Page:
Themes in BSD 3rd Season were also interesting and presented well. They included dedication, loyalty, the value and meaning in living, and how no faction or character in the series is entirely evil. Chuuya becomes loyal to Mori and dedicated to protecting the city. Atsushi is dedicated to saving others. Louisa is endlessly loyal and dedicated to Francis. Akutagawa is dedicated to improving and being the strongest, and he’s extremely loyal to the Port Mafia.
For an example of that third theme, Dazai says in episode 1 that there’s no value in the act of living. But by episode 3, he’s interested in living. For him at age 15, meaning and value in life comes from being part of an organization where death is always close. Throughout the series, many characters deal with the meaning in their lives. Finally there’s the idea that nobody is entirely evil. Even someone like Mori has “noble” intentions, or at least great love for the city. Similarly, not even Atsushi’s father figure at the orphanage was not completely horrible, since he protected the other children from the tiger.
There was so much to enjoy about BSD 3rd Season. First of all, I fucking love Mori Ogai. He is my current male anime crush. I also like how he won the fight with Fukuzawa in episode 11, even if some consider it “dirty.” Anyway, I’m not exactly sure why I love him so much, but I know some of it is the sexiness of his voice, and another part of it is I find his character fascinating. He started as an underground doctor and then rose to the top as the boss of the Port Mafia. He’s a sociopath, yet he genuinely wants to protect the city. He’s also sometimes funny and awkward. As you can see below, included are a few stupidly unnecessary images of my husbando.
Another thing that never ceases to make me happy is the premise of Bungou Stray Dogs, having characters named after famous writers. Most of the characters have a personality trait, ability, or something in their backstory that is related to or similar to real facts about that historical author or their works. For example, probably the most most well-known of Osamu Dazai’s works is No Longer Human, a story about a troubled young man with suicidal ideation. That’s why Dazai the anime character also has suicidal ideation and a dark past.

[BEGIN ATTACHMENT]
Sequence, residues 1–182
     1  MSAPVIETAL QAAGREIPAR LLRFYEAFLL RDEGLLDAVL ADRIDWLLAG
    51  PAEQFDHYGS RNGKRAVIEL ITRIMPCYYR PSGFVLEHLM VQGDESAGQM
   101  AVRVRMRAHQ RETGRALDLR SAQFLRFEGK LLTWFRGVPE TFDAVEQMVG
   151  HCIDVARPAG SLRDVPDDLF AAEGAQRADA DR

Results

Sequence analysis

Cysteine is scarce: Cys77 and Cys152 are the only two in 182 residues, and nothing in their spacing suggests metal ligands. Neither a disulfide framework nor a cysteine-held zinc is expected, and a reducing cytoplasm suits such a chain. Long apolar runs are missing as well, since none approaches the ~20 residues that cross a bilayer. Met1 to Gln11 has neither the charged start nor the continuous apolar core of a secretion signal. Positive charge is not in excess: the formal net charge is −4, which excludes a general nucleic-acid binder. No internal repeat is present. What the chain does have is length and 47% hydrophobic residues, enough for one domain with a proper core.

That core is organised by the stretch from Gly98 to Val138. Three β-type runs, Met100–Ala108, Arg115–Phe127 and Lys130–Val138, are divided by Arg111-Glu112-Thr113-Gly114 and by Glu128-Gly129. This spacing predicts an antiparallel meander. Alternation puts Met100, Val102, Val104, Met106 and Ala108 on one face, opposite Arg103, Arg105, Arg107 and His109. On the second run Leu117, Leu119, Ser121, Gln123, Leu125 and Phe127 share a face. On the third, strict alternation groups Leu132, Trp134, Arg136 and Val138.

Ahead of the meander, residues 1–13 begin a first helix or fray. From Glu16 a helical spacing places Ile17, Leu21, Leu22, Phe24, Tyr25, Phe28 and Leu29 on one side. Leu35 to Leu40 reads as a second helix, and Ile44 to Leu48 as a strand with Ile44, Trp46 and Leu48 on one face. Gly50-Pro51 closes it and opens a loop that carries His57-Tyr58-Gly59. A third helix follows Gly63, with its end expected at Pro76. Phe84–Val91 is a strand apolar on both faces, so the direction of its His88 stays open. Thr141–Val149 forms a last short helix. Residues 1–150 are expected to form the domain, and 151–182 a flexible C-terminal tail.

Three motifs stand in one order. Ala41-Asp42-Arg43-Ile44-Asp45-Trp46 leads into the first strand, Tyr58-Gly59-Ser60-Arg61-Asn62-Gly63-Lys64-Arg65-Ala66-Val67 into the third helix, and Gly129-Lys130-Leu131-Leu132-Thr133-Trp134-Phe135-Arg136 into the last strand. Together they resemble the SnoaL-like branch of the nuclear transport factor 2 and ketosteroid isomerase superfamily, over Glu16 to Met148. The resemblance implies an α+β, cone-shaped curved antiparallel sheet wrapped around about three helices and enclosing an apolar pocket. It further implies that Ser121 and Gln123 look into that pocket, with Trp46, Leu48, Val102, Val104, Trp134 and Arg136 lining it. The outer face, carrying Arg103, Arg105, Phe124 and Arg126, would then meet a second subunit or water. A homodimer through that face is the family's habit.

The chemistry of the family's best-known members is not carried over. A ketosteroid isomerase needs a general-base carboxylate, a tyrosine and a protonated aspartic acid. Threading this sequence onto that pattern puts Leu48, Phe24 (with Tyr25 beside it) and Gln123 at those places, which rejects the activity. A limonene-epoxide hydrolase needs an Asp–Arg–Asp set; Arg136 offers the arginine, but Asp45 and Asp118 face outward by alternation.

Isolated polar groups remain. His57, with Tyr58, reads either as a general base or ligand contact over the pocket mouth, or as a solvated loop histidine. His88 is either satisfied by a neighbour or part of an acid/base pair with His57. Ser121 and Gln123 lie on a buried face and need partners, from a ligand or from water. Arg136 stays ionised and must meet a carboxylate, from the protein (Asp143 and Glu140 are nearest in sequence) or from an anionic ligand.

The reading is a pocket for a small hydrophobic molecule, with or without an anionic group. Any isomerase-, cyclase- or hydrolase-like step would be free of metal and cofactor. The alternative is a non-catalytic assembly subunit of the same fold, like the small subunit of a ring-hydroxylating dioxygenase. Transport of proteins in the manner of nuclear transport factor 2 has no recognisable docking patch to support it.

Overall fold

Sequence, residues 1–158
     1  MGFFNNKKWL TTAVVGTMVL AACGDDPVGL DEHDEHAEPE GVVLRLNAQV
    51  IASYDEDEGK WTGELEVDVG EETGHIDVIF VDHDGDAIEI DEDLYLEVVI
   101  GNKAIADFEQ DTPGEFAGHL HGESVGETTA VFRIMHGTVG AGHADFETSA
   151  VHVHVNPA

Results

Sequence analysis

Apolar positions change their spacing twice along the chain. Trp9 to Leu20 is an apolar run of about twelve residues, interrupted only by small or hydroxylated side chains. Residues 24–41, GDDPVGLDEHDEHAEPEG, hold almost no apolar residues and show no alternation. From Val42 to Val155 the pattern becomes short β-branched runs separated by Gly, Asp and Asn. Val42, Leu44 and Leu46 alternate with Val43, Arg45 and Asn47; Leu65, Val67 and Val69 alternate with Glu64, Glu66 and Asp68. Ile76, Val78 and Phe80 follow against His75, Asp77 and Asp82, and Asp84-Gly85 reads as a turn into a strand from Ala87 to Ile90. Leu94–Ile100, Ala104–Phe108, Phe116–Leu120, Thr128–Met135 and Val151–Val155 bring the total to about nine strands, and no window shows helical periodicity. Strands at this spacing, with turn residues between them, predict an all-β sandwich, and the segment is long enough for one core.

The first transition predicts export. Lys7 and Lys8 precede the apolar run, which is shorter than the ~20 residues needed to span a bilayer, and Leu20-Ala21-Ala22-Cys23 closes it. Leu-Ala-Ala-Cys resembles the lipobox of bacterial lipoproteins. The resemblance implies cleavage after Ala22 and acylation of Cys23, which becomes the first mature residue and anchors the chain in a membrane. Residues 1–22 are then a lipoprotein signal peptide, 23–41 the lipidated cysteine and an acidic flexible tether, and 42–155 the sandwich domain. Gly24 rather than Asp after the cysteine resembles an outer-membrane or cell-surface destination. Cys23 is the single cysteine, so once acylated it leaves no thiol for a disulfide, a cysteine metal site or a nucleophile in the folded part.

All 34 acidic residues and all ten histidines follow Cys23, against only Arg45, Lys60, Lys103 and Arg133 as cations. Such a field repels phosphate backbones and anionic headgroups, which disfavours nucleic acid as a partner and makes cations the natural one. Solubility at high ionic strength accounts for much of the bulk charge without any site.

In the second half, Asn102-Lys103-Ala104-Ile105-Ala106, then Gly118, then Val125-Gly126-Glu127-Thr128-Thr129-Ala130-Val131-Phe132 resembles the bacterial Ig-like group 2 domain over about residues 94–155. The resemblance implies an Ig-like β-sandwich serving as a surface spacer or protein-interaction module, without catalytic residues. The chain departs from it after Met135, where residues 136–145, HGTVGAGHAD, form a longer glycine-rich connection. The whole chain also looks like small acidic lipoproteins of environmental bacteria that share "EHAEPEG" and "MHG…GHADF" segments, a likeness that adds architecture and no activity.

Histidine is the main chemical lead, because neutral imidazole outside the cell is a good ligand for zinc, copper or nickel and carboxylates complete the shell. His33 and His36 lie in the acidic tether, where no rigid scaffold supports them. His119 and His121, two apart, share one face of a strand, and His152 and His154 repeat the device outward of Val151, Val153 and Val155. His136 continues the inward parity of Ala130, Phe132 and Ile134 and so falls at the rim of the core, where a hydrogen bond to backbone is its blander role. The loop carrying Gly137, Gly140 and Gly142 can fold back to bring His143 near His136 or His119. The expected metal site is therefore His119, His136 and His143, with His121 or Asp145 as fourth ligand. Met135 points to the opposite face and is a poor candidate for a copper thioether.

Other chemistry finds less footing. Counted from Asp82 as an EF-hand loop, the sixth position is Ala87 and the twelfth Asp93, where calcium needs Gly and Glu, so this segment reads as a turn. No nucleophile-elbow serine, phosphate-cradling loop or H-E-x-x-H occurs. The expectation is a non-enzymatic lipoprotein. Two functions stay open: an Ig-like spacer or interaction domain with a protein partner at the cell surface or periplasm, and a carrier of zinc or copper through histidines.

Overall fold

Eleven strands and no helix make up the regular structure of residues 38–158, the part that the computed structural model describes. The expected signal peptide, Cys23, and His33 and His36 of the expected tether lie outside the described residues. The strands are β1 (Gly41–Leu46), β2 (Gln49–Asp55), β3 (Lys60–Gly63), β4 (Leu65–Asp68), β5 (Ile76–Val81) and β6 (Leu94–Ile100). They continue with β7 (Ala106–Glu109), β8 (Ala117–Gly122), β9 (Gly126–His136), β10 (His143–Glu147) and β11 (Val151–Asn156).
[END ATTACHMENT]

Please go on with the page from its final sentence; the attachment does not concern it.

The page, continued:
I do have a very minor tick to mention. Bungou Stray Dogs is considered a seinen series because of dark elements like child death, or sexual elements like Tanezaki and Naomi’s relationship. But sometimes, the series feels very shounen. For example, there are occasionally off-putting parts in a fight scene where a character narrates what trick or ability he or his opponent just used. Randou does it once in the fight with Dazai and Chuuya. Ivan does it in episode 12 fighting Atsushi and Akutagawa. As stated, however, that’s an insignificant complaint.
Going back to things I enjoyed, all of the categories (art, sound, characters, story) contributed to my appreciation of this series. There were also particular scenes that struck me as moving or exciting or amazing. To list all my favorite scenes would be a bit much for this article, so let me give just a single example. One of the best moments in the season was in episode 8 when Dazai confronts Fyodor. They are evenly matched opponents, but this time, Fydor won the battle of wits and intellect. It was thrilling to see two such brilliant characters facing off.
Here’s somethign randomly noticed that gave me a few smiles. The cat who turns out to be Natsume-sensei appears now and then prior to episode 10. I noticed him twice, at least, in the early episodes. (Ep 1, he’s in the alley next to Mori’s clinic. Ep 2, he’s in the burned house where Dazai and Chuuya face off with Randou.) That’s about it for this category.
Score for Bungou Stray Dogs 3rd Season: 8.8/10.0 Magnificent
Thank you oh so very much for taking the time to read my review. It means a lot to me. This is Anime Rants, wishing everyone a safe and reasonably happy week. Mata ashita, ne!
Images from: Bungou Stray Dogs 3rd Season. Dir. T Igarashi. Bones. 2019.
2 thoughts on “Bungou Stray Dogs Season 3 Review”
Season 3 really ramped up…well everything. I also enjoyed it a lot and I’m glad to see someone else writting about it
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Yes! I was really impressed! I’m going to rewatch the first 2 seasons to get a better understanding of the characters, and then next month, maybe put up some character studies!